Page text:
The working class twin sister of a callous wealthy woman impulsively murders her out of revenge and assumes the identity of the dead woman. But impersonating her dead twin is more complicated and risky than she anticipated.
A piano teacher believes that her fiancé, a cellist, was killed on the battlefield. When he returns alive, they marry, but are menaced and threatened by a wealthy, egotistical composer she started dating on the rebound.
Charlotte Hollis, an aging recluse deluded into a state of dementia by horrible memories and hallucinations, lives in a secluded house where, thirty-seven years before, John Mayhew her married lover, was beheaded and mutilated by an unknown assailant. Written by
When Miriam Deering (Olivia de Havilland) is preparing to close up the house in anticipation of moving out, she is packing a box which is stenciled "Sam Strangis Storage & Transfer, Baton Rouge, LA.". Sam Strangis was the assistant director on this picture. See more »
During the scene where Miriam meets Jewel in public, a smiling young girl extra with a bouffant hairdo and a ribbon in her hair can be seen walking behind them. Seconds later the same girl walks behind them again. See more »
What is it that you don't believe Drew? That I'm here, or that I look the way I do?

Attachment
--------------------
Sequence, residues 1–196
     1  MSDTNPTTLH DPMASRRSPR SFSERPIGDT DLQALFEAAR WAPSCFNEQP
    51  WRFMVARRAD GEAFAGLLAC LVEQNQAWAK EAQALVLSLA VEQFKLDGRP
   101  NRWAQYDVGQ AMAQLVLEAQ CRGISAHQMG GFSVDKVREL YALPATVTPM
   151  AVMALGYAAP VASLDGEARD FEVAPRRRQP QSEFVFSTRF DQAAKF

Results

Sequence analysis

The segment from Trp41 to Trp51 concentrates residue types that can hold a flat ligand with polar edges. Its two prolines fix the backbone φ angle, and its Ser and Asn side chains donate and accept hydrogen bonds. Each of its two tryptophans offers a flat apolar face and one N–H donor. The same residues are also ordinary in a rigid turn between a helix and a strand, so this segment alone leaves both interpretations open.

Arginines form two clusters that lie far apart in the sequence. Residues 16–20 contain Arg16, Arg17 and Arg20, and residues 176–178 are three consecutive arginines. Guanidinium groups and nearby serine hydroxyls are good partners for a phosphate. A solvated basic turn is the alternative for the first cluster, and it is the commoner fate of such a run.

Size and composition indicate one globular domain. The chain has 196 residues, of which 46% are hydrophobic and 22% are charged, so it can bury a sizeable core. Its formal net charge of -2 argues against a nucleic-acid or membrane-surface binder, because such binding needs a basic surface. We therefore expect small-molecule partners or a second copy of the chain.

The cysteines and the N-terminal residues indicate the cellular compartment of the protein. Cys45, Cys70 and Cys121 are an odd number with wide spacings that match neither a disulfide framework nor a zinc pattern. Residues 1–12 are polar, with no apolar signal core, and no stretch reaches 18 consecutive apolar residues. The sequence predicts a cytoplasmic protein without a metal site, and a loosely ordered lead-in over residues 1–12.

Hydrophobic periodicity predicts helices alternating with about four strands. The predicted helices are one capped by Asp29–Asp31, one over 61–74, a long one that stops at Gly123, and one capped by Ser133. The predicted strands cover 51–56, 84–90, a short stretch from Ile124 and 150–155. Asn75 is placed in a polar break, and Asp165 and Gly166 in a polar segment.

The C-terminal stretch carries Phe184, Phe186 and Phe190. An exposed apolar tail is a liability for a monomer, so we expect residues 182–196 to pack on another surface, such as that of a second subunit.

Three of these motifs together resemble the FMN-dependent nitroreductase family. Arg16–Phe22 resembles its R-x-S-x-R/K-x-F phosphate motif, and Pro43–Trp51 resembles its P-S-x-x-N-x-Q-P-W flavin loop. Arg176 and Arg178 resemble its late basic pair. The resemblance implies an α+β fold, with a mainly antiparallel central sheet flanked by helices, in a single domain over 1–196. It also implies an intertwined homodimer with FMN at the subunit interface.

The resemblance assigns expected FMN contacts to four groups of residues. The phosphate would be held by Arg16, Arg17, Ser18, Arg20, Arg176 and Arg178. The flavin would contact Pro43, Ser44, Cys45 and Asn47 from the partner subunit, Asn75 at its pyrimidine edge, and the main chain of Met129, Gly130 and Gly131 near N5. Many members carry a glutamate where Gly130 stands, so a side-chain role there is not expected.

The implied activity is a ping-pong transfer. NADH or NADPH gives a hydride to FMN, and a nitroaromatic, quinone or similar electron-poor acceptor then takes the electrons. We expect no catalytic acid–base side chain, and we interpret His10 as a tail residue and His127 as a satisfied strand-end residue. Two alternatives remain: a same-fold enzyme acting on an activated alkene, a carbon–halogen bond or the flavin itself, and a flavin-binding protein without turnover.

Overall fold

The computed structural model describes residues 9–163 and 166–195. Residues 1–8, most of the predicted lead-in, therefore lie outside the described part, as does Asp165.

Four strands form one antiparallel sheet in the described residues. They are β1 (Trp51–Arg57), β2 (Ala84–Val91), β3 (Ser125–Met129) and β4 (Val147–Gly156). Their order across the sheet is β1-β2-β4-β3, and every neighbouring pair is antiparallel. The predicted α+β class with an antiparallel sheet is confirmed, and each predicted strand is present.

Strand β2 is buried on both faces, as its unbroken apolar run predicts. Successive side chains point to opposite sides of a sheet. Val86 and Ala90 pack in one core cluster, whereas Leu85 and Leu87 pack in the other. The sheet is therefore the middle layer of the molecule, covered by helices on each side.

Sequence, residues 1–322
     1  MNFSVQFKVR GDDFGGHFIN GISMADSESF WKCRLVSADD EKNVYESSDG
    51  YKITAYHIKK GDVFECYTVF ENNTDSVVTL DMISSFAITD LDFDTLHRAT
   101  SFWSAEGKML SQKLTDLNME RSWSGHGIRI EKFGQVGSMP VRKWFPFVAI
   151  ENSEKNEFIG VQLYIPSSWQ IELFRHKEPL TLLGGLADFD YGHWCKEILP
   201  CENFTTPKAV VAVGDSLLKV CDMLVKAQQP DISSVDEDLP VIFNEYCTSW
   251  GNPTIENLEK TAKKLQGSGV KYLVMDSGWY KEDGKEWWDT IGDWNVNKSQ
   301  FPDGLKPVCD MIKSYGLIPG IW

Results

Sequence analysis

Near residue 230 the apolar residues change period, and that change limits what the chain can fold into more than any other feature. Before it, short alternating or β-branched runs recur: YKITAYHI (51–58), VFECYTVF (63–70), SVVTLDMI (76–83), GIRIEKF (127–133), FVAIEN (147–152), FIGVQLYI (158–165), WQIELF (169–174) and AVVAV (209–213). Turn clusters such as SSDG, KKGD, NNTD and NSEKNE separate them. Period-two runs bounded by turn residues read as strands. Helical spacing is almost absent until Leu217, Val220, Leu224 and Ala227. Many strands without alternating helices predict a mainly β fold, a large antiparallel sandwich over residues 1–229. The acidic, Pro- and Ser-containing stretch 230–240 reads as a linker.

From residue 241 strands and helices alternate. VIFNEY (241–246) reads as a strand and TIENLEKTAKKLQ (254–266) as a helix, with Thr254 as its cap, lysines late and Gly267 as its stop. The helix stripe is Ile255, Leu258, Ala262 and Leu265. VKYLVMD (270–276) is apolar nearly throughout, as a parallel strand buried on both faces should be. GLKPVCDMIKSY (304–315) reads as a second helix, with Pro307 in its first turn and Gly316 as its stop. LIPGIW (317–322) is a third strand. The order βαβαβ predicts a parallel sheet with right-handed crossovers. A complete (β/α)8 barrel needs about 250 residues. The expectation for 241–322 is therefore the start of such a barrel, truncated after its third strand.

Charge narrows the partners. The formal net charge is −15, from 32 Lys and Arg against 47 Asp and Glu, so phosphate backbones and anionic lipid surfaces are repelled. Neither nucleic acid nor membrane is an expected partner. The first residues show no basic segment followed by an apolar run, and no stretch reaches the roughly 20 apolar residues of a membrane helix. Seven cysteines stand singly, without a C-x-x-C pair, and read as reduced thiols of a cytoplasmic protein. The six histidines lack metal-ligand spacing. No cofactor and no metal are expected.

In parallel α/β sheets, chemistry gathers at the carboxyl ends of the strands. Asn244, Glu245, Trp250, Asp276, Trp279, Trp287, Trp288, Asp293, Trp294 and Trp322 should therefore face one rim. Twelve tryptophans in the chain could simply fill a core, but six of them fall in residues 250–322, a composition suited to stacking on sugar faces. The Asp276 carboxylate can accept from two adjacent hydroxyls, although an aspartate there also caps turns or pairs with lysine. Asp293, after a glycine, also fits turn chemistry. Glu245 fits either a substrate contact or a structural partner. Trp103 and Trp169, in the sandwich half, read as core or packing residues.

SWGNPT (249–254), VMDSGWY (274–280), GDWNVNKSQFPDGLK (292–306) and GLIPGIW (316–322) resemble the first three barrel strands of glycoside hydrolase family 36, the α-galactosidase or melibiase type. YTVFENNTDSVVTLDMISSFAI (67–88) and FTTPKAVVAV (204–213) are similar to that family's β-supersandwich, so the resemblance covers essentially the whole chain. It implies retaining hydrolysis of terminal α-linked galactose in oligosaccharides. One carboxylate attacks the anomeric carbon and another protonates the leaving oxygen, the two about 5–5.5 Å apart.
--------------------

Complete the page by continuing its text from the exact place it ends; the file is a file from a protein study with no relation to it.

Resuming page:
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Well, I loved Bette Davis' performances, as a rule. But I'm willing to bet that even NON fans of Davis would appreciate her tour in this particular movie. Following two years after "Whatever Happened to Baby Jane?", "Hush...Hush, Sweet Charlotte" is nevertheless four times the film of its more noted predecessor. The reasons for this are four=fold. The script, though occasionally unintentionally funny, is still crisper, more believable and contains a more satisfying ending. Next, Davis' is more balanced by the performances of DeHavilland, Cotton, a more mature Victor Buono, and the great Agnes Morehead. Thirdly, we have a better set and setting, more attuned to the genre. Finally, the cinematography is several notches better, in my opinion. Adding it all up, you have an exceptionally fine example of that unique genre, the gothic melodrama. In this movie, the genre is virtually defined! If asked to name an example to a "top twenty" or "top fifty" movie list, "Hush...Hush, Sweet Charlotte" would definitely make the cut.
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